City hall workers loan scandal

By Alex P. Vidal

“Never expect a loan to a friend to be paid back if you want to keep that friend.”—Bryant H. McGill

OF the reported 18 borrowers with the highest unsettled loans from the Iloilo City Government Employees Multipurpose Cooperative (ICGEMPC), Councilor Romel Duron was able to identify only two names in his recent speech in the Sangguniang Panlungsod.

They were retired City Human Resources Office chief Leo Elevencione and Councilor Alan Zaldivar.

Elevencione reportedly incurred 20 loans amounting to P7.84 million, while Zaldivar had six loans totaling P1.26 million.

Daily Guardian has reported that ICGEMPC has an ₱80-million total credit line for loans facilitated through the Land Bank of the Philippines (LBP).

Some of those who availed loans from ICGEMPC were “dummies” and cooperative officers and members with loans higher than their salaries, like one utility employee who got P517,000 loans, according to Duron as reported.

It is possible the other borrowers with delinquent accounts were prominent cooperative officers and employees who have close links personally and professionally. Palakasan system.

It is also possible some of them have already retired like Elevencione and may not be able to settle their accounts—unless City Hall is hellbent to throw the books at them.


Duron claimed there was a clear disregard of existing policies on loan applications, fund disbursements and repayments even as he called the scandal as “large-scale anomaly.”

But why only two? Who are the 16 other “top notchers”? Why weren’t they named in Duron’s speech?

Although Duron said he did not intend to “name shame” them, according to reports, this was not enough reason to name only two and skip the 16 others. Unfair to Elevencione and Duron.

City legal officer Atty. Joseph Edward Areño of the Ad hoc Committee looking into the issues is reportedly prepared to file necessary charges against those with delinquent payments.

Even before Duron’s speech, Elevencione was able to reportedly make arrangements with the ICGEMPC on how to settle his loans.

Zaldivar, who ironically was the first whistleblower of the brouhaha in his speech in the Sangguniang Panlungsod on July 13, claimed he is a member “in good standing” as he has been paying his loans through salary deduction, according to reports.


A doctrine that identifies God with the universe, or regards the universe as a manifestation of God is called pantheism.

Pantheists do not believe in a distinct personal or anthropomorphic god, and hold a broad range of doctrines differing with regards to the forms of and relationships between divinity and reality.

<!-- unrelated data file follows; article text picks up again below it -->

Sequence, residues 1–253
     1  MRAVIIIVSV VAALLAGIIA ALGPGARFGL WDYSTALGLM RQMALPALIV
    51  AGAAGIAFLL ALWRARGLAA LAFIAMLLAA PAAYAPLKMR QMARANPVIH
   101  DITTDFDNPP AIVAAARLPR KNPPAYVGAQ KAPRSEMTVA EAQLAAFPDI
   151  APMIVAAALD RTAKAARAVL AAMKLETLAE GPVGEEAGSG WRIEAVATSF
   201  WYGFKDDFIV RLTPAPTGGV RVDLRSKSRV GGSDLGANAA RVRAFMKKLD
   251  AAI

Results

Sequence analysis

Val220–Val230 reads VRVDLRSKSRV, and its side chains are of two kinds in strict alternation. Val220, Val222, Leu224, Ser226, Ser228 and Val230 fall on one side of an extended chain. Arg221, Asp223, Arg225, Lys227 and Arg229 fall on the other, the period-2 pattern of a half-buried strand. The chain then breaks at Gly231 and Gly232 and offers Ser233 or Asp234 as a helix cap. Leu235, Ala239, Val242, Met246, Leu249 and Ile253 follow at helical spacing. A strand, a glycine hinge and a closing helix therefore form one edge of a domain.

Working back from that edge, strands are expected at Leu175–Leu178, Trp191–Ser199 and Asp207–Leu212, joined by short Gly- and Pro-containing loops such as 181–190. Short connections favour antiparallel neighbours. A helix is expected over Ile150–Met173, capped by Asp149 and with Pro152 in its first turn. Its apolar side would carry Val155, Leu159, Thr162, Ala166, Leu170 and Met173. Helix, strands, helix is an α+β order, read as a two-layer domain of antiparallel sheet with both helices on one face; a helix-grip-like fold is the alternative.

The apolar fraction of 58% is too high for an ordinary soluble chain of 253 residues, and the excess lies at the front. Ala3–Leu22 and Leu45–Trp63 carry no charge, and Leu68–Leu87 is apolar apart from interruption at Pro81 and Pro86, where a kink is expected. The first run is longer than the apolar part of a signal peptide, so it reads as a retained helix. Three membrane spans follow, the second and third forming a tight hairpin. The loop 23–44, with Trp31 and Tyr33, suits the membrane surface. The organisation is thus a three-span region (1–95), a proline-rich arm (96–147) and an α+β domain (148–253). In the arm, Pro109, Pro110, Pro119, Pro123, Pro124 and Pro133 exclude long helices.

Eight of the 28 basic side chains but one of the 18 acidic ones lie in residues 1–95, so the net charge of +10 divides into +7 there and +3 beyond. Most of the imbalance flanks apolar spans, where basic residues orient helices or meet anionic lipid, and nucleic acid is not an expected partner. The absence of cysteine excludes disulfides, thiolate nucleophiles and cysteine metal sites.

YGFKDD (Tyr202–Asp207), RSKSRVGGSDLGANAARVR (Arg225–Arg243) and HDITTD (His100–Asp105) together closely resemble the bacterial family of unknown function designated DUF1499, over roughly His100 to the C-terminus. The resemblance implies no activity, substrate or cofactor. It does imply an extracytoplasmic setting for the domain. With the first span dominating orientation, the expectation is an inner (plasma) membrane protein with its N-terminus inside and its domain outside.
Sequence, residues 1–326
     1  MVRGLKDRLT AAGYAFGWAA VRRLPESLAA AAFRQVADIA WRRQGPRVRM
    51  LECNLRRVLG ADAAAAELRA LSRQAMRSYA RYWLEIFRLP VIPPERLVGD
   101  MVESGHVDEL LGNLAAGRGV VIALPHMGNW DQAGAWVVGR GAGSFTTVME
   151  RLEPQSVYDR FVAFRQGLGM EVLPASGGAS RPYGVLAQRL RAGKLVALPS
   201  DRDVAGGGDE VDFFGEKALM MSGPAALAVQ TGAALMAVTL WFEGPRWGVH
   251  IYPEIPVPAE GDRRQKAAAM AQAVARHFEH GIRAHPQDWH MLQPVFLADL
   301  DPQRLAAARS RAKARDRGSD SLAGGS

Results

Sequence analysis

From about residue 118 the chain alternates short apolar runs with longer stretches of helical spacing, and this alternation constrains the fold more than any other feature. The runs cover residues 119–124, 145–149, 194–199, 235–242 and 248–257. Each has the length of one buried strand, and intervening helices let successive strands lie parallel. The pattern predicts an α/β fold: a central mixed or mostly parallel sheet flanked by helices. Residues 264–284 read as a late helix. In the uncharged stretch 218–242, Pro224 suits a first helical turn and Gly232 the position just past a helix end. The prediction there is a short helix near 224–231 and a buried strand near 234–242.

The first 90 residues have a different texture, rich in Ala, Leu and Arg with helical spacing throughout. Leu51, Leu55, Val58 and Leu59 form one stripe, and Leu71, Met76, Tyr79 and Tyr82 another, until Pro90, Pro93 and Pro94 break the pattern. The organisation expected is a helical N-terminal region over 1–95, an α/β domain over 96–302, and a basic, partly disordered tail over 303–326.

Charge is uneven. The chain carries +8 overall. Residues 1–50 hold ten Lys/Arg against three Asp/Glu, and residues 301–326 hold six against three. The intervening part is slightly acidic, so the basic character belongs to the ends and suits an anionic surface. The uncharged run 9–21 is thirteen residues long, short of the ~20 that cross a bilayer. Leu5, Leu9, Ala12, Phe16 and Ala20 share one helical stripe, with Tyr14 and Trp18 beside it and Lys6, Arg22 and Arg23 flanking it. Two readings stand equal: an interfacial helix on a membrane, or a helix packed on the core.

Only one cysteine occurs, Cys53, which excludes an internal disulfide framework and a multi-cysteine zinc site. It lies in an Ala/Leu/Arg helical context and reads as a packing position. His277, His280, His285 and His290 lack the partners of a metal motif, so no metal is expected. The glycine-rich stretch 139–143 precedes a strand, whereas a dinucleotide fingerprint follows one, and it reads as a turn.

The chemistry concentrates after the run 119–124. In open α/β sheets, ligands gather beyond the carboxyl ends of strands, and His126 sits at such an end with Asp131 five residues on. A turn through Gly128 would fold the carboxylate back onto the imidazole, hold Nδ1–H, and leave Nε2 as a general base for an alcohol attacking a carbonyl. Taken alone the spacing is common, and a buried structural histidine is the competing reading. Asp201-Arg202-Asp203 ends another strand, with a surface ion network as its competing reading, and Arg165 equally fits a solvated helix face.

Benedict (Baruch) de Spinoza came from a Jewish family who had fled to Holland from Portugal to escape the oppression of the Catholic Church.

His whole life was to be subject to religious persecution.

He believed that Christianity and Judaism were kept alive by rigid dogma and ritual.

He denied that the Bible was inspired by God down to the last letter, saying that when we read the Bible we must continually bear in mind the period in which it was written.

He proposed “critical” reading, which revealed a number of inconsistencies in the texts.

Spinoza said that everything is nature. He identified nature with God, saying that God is all, and all is God. This is called pantheism. To Spinoza, God did not create the world in order to stand outside it. God is the world.


So it follows that all our thoughts are also God’s or nature’s thoughts. There is only one God, one nature, or one Substance.

His philosophy is notoriously hard to understand. He was influenced by Rene Descartes but rejected his distinction of thought and matter as two separate substances, believing there was only one.

Everything that exists can be reduced to one single reality which he simply called Substance.

Spinoza said that it was our passions–such as ambition and lust–which prevent us from achieving true happiness and harmony, but that if we recognize that everything happens from necessity, we can achieve an intuitive understanding of nature as a whole.

We can come to realize with crystal clarity that everything is One.

The goal is to comprehend everything that exists in an all-embracing perception. Only then will we achieve true happiness and contentment.

This was what Spinoza called seeing everything “sub specie aeternitatis,” which means to see everything from the perspective of eternity.

(The author, who is now based in New York City, used to be the editor of two daily newspapers in Iloilo.—Ed)